Santiam Fire on September 9, 2020.

Oregon state fire marshall resigns as wildfires continue to rage

The Oregon State Police announced on Saturday that State Fire Marshall Jim Walker has resigned. He had been put on paid administrative leave earlier in the day.


The state police did not give a reason for Walker's resignation, however, Oregon Live reports that a source familiar with the situation said "Superintendent Travis Hampton had lost confidence and trust in Walker’s ability to manage the historic wildfires.

According to the source, Walker had already allegedly handed over daily management of the crisis to his chief deputy, Mariana Ruiz-Temple. Ruiz-Temple was appointed the acting fire marshal while Walker was on leave. She has since been appointed as fire marshal.

"Mariana is assuming this position as Oregon is in an unprecedented crisis which demands an urgent response," Hampton said in a press release. "This response and the circumstances necessitated a leadership change. I have the absolute confidence in Mariana to lead OSFM operations through this critical time."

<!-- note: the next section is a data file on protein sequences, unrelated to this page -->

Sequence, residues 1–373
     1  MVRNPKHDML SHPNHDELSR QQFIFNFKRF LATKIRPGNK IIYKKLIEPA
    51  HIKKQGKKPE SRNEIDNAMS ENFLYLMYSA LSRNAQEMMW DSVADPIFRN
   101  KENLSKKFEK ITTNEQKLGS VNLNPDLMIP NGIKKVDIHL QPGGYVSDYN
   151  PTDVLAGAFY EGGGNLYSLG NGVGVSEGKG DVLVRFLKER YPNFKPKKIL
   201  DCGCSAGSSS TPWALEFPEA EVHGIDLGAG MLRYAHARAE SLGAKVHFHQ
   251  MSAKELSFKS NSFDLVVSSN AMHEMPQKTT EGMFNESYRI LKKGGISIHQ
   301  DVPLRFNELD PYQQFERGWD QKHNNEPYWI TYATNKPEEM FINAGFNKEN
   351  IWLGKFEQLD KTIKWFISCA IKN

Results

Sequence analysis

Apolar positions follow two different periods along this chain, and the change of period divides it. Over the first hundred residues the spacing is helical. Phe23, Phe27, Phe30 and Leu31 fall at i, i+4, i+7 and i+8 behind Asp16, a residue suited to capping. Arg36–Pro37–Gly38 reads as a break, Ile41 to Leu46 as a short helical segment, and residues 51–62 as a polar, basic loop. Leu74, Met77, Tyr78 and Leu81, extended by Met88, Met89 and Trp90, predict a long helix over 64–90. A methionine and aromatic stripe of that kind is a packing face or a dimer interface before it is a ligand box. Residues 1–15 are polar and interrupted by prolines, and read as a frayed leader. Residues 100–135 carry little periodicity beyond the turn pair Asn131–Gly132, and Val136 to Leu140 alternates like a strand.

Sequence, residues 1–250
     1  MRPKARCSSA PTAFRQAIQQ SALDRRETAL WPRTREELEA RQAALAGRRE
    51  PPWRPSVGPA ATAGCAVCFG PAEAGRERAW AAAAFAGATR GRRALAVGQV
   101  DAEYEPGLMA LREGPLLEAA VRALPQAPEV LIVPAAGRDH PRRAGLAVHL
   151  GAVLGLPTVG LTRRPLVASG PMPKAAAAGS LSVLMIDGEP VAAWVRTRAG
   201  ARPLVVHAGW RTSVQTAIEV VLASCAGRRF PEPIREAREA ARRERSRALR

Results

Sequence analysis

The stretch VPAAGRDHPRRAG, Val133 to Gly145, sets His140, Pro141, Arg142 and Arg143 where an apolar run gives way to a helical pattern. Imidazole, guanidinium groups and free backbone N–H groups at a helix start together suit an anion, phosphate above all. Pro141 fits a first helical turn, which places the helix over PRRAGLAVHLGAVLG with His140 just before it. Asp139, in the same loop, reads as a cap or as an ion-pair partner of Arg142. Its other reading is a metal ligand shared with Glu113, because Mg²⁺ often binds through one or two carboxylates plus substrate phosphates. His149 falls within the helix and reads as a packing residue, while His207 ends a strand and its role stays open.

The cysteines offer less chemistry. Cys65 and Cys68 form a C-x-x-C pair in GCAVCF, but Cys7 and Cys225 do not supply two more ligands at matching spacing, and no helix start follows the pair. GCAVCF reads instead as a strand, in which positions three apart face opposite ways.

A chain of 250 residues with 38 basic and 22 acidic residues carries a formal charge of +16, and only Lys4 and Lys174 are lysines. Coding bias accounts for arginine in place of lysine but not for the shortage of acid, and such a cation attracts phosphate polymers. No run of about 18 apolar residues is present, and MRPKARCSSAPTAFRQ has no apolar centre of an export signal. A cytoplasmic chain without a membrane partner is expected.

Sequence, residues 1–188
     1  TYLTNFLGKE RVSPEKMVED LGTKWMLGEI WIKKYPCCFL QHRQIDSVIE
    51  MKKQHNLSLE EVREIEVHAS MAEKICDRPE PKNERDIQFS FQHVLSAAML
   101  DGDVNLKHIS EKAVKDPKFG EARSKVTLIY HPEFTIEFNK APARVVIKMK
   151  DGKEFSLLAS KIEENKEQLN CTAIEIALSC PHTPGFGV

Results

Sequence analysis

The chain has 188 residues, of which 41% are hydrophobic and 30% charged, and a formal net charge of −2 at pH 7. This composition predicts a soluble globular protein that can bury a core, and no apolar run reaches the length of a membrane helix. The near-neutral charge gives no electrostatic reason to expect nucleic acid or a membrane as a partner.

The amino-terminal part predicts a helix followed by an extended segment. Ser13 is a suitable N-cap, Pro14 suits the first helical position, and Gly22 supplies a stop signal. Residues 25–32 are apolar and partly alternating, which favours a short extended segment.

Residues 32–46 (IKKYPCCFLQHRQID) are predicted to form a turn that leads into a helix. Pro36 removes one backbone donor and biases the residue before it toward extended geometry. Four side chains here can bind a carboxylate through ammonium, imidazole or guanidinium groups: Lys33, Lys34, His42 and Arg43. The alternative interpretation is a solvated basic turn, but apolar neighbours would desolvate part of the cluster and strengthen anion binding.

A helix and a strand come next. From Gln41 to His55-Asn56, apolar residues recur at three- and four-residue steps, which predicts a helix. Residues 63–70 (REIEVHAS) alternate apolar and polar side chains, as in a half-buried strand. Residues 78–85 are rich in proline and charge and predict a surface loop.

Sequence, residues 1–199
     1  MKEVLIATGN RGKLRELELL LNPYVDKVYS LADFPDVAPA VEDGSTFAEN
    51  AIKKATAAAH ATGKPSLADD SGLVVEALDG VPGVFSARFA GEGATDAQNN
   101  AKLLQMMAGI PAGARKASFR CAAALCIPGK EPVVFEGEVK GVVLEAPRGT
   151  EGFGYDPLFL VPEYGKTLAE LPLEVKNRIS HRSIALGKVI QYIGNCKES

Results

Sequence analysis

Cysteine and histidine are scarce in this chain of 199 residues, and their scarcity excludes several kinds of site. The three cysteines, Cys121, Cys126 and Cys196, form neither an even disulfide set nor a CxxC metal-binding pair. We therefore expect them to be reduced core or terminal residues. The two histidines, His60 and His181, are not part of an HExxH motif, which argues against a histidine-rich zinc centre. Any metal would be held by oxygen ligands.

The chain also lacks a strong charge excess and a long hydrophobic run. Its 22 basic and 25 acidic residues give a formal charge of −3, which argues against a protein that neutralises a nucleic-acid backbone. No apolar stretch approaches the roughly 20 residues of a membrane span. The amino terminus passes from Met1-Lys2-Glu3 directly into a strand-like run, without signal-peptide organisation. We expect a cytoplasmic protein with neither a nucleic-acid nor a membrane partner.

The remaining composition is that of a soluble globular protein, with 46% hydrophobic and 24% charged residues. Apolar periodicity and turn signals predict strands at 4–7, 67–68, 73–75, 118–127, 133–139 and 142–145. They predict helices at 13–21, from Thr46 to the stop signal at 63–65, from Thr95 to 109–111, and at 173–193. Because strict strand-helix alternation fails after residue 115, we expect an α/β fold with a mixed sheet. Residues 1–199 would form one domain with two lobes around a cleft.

“Mariana has led with grace, transparency and courage,” Gov. Kate Brown said in a statement, according to Business Insider. “She embodies the experience Oregon needs to face this crisis, in this moment.”

Oregon wildfire situation is dire

The numbers are staggering, there is no other way to say this. There are some 94 major fires burning on the West Coast - including 25 in California, 16 in Washington, 13 in Oregon and 10 in Idaho. As of Sunday, these fires have killed 33 people and burned 4.6 million acres (1.9 million hectares).

In Oregon alone, wildfires have scorched more than 1 million acres throughout the state, from the southern border to the coast and Clackamas County. This figure is two-times the yearly average over the past 10 years.

In Oregon, 40,000 people have evacuated, and at least 500,000, or more than 10 percent of Oregon's total population, are under an evacuation alert. There are still literally dozens of people missing and Oregon's emergency management director, Andrew Phelps told reporters on Friday that the state is preparing for a "mass fatality incident."